Growing urban populations and changing lifestyles have contributed to the increased availability of processed food and a preference for inexpensive, accessible food items that do not take a lot of time and effort to prepare.

Indeed, malnourished children have marked disadvantages at the outset – weak immunity to diseases, poor academic performance, and eventually limited opportunities for advancement and economic mobility.

Specific attention must be given to the continued prevalence of stunting among children 0-five years old, according to Azucena Dayanghirang, executive director of the National Nutrition Council.

“If we look further at the data, we will see that stunting rates among one-year olds is 36 percent, which is twice as much as the 15.5-percent stunting rate among infants 6-11 months old. Stunting rates remain at the 30 percent level or more among children 3 and 4 years old. Clearly, we have to prevent that increase,” she said.

The council is thus staring a campaign to promote greater focus on the first 1,000 days of life – from pregnancy to the first two years – using a mix of approaches like the encouragement of breastfeeding and the proper feeding of the young, with emphasis on eggs, dairy products, fruits and vegetables, fish and meat.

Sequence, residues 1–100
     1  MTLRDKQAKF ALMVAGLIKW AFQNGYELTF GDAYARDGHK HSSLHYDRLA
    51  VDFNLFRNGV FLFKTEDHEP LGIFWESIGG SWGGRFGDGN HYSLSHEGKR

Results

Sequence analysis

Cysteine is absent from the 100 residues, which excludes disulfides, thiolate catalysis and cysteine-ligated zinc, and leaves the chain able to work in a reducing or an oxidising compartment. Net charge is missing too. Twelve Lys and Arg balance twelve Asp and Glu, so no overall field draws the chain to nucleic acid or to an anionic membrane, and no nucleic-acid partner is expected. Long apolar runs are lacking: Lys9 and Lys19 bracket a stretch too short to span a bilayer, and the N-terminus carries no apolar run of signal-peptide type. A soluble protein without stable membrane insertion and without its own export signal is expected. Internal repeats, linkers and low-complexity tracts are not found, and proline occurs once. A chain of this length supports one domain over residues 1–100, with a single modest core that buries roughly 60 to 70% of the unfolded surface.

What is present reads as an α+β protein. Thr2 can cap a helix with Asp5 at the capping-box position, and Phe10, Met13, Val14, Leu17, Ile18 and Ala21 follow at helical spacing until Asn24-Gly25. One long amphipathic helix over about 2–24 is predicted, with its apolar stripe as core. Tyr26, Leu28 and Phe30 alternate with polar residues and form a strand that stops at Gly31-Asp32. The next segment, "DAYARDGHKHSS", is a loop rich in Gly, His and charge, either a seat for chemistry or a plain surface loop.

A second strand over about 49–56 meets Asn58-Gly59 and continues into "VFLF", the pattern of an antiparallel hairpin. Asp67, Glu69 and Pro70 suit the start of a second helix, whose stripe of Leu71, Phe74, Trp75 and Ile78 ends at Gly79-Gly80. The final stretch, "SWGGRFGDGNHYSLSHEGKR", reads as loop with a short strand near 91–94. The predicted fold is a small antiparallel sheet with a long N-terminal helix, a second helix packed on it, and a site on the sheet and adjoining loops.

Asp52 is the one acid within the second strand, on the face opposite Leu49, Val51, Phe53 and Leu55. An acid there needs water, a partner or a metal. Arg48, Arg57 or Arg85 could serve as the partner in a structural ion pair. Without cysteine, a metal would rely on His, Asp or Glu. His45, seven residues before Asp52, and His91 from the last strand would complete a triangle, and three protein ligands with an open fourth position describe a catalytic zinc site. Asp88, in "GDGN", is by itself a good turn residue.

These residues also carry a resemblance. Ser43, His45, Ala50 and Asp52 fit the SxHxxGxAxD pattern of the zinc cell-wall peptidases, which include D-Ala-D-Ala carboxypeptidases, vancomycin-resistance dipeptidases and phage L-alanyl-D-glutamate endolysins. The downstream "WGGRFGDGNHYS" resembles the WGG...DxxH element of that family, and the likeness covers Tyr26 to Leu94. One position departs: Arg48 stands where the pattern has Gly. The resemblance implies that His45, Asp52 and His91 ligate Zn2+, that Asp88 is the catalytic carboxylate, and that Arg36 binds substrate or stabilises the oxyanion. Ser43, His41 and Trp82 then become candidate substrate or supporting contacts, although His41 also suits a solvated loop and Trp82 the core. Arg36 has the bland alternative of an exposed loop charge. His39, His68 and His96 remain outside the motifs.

Pregnancy to the first two years of life make up the “window of golden opportunity” during which key health, nutrition, early education and related services should be delivered, and delivered well. Food, after all, is not the only input that ensures a healthy, well-rounded individual. Other factors contribute to the development of the individual: A safe and secure home environment, education, emotional support from parents and family members.